One Year On


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Earlier this week, April 25 to be exact, marked the passing of one year since the Nepali earthquake.  The anniversary was covered a little in the media if you watched carefully, and referenced in the coverage of the more recent earthquakes in Japan and Ecuador. But, it has largely been forgotten by most. Facebook reports from friends in Nepal focus on how little has been achieved since the first wave of humanitarian help, and after donations from all over the world poured in to rebuild homes and infrastructure, the news I hear is not good.  Reconstruction projects are tied up in red tape.  Little has been achieved. Villagers who lost their homes and possessions still live precariously in tent villages waiting for help.  For many the aftermath of the disaster in frozen in time.

One year on for me, its a very different story.  I can hardly believe its been only a year…a particularly challenging one too..with so many changes. New country, new job, new home…in a completely different corner of the planet.  Yet a big part of my heart remains in Nepal.

Among the many reminders of our time there is a tapestry project that I worked on during the crisis.   I’ve made a tapestry cushion in several of the countries that we have lived, picking a subject that appealed to me, as well being symbolic of my time in that country.  After a long online search, I picked a beautiful peacock in shades of blue and purple.  Its a memory of my time in Chitwan where we watched wild peacocks running around on the jungle floor.  The plan was to slowly work on it, especially during all the travel required before we reached Jamaica.  I started work on the tail, a little every night.

We spent the first two nights after the earthquake sleeping on Robert’s office floor.  As we headed over to the safety of the Embassy, I grabbed a little overnight bag, a book, and the tapestry for something to do. In the days that followed immediately after the earthquake, I worked on the tapestry almost non-stop.  There was something extraordinarily calming about the repetition of the “needle in, needle out”needlework stroke, giving my hands something to do and occupying the motor skills function of my brain, which handled the task of deciding the direction of stitching and what section to tackle next, leaving the rest of my brain to work on processing what had happened.  I guess it was kind of a meditation.

Ironically, I was unable to finish it before we left.  The kit I purchased had been mispacked and I had reams of purple and blue leftover, but ran out of the background colour.  The manufacturer in England had gone out of business and I had to search online until I could track down the wool brand, identify the particular shade of white, and find a supplier that could mail it to me.  After several months of unsuccessful tries, I was able to source the wool and finish the tapestry here in Jamaica.   Yet the project is still not complete.  Its yet to become a cushion and now I have to figure out where to buy sewing supplies in Kingston..the hunt goes on!  Its tempting to somehow symbolically connect the project with my personal journey from Nepal to Jamaica, how all the little stitches over time form not just a picture, but their own tapestry of memories, challenges and unresolved issues that have been part of any big change in life, but especially this one….or something like that….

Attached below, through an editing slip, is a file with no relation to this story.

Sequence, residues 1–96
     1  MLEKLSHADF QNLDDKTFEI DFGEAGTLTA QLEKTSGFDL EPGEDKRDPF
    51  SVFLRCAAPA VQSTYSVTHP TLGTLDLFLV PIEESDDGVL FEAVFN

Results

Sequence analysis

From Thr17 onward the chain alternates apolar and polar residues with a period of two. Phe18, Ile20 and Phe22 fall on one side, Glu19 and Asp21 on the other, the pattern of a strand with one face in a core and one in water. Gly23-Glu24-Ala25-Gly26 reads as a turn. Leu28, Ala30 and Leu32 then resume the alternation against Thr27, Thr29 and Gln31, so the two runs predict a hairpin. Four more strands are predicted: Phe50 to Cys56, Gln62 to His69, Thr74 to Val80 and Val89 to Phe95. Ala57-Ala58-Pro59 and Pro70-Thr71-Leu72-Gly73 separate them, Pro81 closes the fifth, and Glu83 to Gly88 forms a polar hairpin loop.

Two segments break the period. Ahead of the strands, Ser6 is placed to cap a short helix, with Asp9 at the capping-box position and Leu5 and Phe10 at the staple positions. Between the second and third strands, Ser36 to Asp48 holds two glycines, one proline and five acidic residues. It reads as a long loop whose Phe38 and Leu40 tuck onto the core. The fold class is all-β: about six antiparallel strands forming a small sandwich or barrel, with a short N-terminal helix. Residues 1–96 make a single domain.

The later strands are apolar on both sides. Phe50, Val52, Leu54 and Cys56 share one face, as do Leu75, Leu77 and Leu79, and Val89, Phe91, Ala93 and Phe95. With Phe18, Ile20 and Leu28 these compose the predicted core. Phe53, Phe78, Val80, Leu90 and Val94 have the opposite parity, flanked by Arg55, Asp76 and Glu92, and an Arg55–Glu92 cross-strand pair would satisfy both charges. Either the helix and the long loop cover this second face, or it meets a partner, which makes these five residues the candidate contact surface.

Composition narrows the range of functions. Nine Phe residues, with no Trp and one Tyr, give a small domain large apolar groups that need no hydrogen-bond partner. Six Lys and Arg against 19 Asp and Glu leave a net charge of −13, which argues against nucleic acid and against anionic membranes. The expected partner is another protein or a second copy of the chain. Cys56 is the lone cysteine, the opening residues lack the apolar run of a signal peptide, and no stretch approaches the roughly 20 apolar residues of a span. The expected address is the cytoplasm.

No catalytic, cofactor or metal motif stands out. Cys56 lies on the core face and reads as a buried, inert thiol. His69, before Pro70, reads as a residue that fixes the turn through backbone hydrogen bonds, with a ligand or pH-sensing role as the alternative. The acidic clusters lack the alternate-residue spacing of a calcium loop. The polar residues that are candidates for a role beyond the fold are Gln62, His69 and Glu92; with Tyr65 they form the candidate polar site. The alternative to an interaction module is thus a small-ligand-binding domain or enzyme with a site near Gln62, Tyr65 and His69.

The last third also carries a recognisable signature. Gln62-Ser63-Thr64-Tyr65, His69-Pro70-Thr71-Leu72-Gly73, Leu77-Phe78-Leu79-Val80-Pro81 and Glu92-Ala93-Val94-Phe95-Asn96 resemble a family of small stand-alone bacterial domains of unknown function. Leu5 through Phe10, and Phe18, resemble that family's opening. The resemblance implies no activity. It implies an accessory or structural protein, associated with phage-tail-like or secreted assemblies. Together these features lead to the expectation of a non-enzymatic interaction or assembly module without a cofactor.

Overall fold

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And then I ran out of yarn for that lower left-hand corner.

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The finished tapestry.  Now where to find a fabric and notions store?

9 thoughts on “One Year On

  1. It’s so easy to forget that travel is more than ‘top 10 lists’ and ‘hacks’, but it’s about connecting the world, linking us to people in deeper and more personal ways. We need more writers like you to remind us of this!

    Liked by 1 person

  2. Isn’t it sad what little progress has happened in Nepal? The world clusters ’round in the days and weeks after a disaster, then slowly moves on to the next calamity or just “normal” life. I am guilty of it myself: writing about the earthquake, donating money, reading everything I could get my hands on, then letting it slowly drift away from my everyday consciousness. I love that you have a tangible artistic project and outlet that connects you to the places you’ve been; I guess mine is my blog and the weaving of stories that will tether me to those memories. Nice to see you back here!

    Liked by 1 person

    • Thanks. I do miss the communication when I stop blogging. I guess “moving on” is normal, however, the neglect of the affected people by their own government is heartbreaking and infuriating. And, unfortunately, that’s exactly what the Nepali people expected.

      Liked by 1 person

  3. What a beautiful tapestry. I love projects like that, and it was just perfect that you had it to work on during the upheaval of the earthquake. Unfortunately I’m not surprised that things are caught up in red tape in Nepal – it somehow always seems to be the case when charitable donations are collected to help in a disaster. The money never seems to get where it’s needed.
    Alison

    Like

    • Sadly, so true. It seems no-one knows how to stop it, although every NGO knows it is a real reality. The red tape is terrible. Just days after the tragedy, critical supplies sat for weeks in customs. So infuriating.

      Liked by 2 people

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